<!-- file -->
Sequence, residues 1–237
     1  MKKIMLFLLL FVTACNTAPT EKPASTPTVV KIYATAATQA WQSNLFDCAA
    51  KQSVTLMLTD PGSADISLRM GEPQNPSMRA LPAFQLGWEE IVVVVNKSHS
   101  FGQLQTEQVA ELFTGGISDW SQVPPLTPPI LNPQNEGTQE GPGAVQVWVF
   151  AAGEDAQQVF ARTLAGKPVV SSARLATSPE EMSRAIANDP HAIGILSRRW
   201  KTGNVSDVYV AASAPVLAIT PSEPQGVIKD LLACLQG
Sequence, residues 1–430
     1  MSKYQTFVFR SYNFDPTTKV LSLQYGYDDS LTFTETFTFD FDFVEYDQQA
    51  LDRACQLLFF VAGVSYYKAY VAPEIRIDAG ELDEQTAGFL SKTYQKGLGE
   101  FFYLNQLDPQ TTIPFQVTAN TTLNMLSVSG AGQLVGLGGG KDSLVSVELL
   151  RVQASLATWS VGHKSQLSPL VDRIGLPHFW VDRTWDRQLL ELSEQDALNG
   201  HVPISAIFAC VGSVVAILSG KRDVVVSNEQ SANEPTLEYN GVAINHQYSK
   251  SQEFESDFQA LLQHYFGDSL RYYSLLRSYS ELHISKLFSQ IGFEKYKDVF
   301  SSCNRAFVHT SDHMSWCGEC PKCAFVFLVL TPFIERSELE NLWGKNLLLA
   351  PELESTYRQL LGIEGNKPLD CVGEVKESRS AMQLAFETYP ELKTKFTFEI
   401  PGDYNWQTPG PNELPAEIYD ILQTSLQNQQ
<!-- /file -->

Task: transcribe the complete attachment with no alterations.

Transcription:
Sequence, residues 1–237
     1  MKKIMLFLLL FVTACNTAPT EKPASTPTVV KIYATAATQA WQSNLFDCAA
    51  KQSVTLMLTD PGSADISLRM GEPQNPSMRA LPAFQLGWEE IVVVVNKSHS
   101  FGQLQTEQVA ELFTGGISDW SQVPPLTPPI LNPQNEGTQE GPGAVQVWVF
   151  AAGEDAQQVF ARTLAGKPVV SSARLATSPE EMSRAIANDP HAIGILSRRW
   201  KTGNVSDVYV AASAPVLAIT PSEPQGVIKD LLACLQG
Sequence, residues 1–430
     1  MSKYQTFVFR SYNFDPTTKV LSLQYGYDDS LTFTETFTFD FDFVEYDQQA
    51  LDRACQLLFF VAGVSYYKAY VAPEIRIDAG ELDEQTAGFL SKTYQKGLGE
   101  FFYLNQLDPQ TTIPFQVTAN TTLNMLSVSG AGQLVGLGGG KDSLVSVELL
   151  RVQASLATWS VGHKSQLSPL VDRIGLPHFW VDRTWDRQLL ELSEQDALNG
   201  HVPISAIFAC VGSVVAILSG KRDVVVSNEQ SANEPTLEYN GVAINHQYSK
   251  SQEFESDFQA LLQHYFGDSL RYYSLLRSYS ELHISKLFSQ IGFEKYKDVF
   301  SSCNRAFVHT SDHMSWCGEC PKCAFVFLVL TPFIERSELE NLWGKNLLLA
   351  PELESTYRQL LGIEGNKPLD CVGEVKESRS AMQLAFETYP ELKTKFTFEI
   401  PGDYNWQTPG PNELPAEIYD ILQTSLQNQQ